In keeping with the extensive time frame, Stillman has been tinkering with the new film’s sound mix right up until its Dublin premiere. The devil is in the details: this final version is a different cut from the one screened at last year’s Venice Film Festival and from the one that popped up as the surprise film at the London Film Festival. “That was a strange screening,” he says. “I think a lot of the audience were expecting James Bond or Twilight or something. They weren’t ready for a comedy. Each showing of a film is a performance – even though it’s not theatre where the actors actually do change their performance – the reaction between an audience and a film is different every time. So people who pride themselves on making a firm judgment immediately – you know, that whole Pauline Kael school that says you can’t see a film again – that’s total crap.” Still, he’s more than used to the slings and arrows: bizarrely, Barcelona caused a storm of seesawing press upon its Irish release.
“Michael Dwyer was always wonderful,” recalls Stillman. “But another critic here – I can’t remember the name – took umbrage at what he thought were the politics of the film. They weren’t sufficiently anti-american for his tastes. So Barcelona ended up being hugely controversial here. And that, of course, was helpful for the movie. ” Oddly, even Metropolitan, the holiest New York cow this side of Annie Hall, had its detractors.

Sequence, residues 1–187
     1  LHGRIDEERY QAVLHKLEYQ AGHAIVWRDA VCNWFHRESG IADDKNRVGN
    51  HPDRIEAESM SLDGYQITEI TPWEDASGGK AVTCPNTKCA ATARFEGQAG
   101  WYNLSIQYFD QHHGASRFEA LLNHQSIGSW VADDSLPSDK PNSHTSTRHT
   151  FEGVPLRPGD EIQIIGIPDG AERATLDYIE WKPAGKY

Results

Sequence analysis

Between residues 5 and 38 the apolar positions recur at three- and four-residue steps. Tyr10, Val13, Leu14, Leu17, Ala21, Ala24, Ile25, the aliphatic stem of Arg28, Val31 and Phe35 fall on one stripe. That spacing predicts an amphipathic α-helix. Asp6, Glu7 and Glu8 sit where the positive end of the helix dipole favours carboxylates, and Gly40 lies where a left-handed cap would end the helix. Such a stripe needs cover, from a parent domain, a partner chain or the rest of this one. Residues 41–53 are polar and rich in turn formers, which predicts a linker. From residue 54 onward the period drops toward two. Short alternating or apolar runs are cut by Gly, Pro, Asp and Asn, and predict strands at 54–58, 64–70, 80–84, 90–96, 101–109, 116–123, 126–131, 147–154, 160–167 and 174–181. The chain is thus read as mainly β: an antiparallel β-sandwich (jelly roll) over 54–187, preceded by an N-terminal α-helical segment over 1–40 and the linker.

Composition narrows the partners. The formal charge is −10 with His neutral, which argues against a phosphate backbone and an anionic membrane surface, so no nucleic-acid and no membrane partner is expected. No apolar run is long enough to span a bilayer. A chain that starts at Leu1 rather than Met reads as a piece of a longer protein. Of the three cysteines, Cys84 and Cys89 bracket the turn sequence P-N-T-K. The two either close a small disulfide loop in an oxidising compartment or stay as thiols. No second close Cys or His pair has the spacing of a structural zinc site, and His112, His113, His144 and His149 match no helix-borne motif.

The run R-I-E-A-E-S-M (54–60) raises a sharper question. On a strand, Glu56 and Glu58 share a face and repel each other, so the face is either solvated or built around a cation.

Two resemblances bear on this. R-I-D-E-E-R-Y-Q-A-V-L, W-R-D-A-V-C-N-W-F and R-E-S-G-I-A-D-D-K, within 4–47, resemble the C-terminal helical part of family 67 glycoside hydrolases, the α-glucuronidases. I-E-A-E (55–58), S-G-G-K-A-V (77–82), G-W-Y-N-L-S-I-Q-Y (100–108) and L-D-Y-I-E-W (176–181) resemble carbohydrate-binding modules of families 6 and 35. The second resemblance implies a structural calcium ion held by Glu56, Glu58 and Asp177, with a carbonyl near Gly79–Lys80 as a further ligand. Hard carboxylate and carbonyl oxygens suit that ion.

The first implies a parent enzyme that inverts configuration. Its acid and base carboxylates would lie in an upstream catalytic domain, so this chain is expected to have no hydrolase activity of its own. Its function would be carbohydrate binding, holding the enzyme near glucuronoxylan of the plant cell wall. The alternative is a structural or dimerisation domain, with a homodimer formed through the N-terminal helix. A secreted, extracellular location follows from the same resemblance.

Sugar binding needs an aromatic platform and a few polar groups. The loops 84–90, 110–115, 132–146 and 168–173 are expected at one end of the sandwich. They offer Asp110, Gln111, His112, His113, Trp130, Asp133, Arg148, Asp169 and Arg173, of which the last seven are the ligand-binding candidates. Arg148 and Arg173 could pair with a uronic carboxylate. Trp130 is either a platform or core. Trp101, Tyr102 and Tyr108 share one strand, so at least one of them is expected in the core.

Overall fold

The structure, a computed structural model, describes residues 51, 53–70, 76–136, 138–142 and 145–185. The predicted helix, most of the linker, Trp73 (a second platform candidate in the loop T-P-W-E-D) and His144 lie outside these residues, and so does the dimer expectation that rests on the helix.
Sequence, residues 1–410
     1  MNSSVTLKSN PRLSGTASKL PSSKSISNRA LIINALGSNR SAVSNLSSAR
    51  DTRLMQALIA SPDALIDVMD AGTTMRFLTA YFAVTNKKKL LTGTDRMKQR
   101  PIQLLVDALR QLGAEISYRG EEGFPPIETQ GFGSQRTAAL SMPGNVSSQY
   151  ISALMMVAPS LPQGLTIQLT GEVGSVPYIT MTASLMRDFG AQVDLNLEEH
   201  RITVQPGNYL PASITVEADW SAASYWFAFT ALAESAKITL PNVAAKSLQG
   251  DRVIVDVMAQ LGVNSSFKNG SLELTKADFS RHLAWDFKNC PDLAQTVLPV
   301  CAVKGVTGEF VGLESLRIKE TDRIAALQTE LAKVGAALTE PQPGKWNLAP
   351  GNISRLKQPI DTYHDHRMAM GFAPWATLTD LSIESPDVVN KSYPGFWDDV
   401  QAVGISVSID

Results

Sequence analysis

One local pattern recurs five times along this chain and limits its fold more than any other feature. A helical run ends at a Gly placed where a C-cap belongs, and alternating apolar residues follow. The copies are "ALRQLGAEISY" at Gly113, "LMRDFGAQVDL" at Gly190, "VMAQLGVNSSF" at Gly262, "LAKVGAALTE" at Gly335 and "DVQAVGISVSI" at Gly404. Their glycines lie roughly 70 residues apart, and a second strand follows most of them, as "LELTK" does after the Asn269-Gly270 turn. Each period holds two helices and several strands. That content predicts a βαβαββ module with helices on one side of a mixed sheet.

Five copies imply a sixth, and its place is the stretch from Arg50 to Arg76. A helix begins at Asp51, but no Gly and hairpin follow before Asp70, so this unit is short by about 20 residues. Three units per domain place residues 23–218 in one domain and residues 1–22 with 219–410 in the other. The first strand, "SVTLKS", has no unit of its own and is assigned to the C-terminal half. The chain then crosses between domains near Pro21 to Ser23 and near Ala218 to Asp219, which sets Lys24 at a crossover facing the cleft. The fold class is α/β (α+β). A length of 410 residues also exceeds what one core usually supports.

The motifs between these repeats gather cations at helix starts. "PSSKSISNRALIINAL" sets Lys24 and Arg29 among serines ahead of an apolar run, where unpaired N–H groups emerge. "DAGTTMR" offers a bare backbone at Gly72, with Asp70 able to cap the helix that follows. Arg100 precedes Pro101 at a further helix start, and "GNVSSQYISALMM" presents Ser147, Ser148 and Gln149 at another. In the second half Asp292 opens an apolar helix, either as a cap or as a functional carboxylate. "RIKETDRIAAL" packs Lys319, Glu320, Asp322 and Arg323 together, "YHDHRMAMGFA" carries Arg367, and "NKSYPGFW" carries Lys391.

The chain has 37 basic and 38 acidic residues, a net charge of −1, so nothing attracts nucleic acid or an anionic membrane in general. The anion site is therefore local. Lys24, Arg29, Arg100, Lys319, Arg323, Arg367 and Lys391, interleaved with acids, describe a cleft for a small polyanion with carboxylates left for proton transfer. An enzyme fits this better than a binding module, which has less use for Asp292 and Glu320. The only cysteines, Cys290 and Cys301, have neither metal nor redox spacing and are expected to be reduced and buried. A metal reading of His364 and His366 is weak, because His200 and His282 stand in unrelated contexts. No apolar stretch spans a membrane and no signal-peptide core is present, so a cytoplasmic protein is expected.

“We were lucky too because the backlash on Metropolitan started really late. Bret Easton Ellis – a good reason to hate having premieres is because you end up with people who just turn up for the party and the event not the movie – slapped us for being too moralistic but to have a notoriously amoral writer say that turned out to be good press.”
Stillman’s last-minute edits prove successful and all the better to hear indie queen Greta Gerwig sing out like never before. “The Hollywood system is fatal for creativity,” says Stillman. “The moment an actor has any success, their agent and lawyer rush in. And suddenly they won’t read for scripts. Suddenly they need stylists and transport. It’s almost as if the lawyers and publicists are trying lose work and opportunities for their clients. But Greta Gerwig was terrific about it. She came in and sang and tap-danced. She was wonderful.” It’s fitting that the Greenberg star has joined the Stillman players. The talky and slightly pretentious inhabitants of the filmmaker’s milieu were “mumblecore” long before the word came into being.
“Lena Dunham became a big friend,” says Stillman. “We used a lot of the people she worked with to make Tiny Furniture to set up our production.
“We just kept it very small scale and suddenly, by privately going to the backers of Barcelona and Last Days of Disco we had a budget. We ended up with a much bigger budget than a mumblecore film but we were just as careful with their money.”
The results are wonderful. But we are fascinated by the director’s continuing fascination with collegians.
“It’s an interesting crossroads period,” he says. “It’s identity formation. When I was at university the big book we were all reading was Erikson’s Identity: Youth and Crisis. And I did find that my personality changed completely between the ages of 16 and 20.” He smiles: “And I notice that when I do write older characters there have been complaints from some critics and journalists: ‘He can’t write old’.
“So wherever possible I like to keep my characters on the younger side of the equation and in crisis.”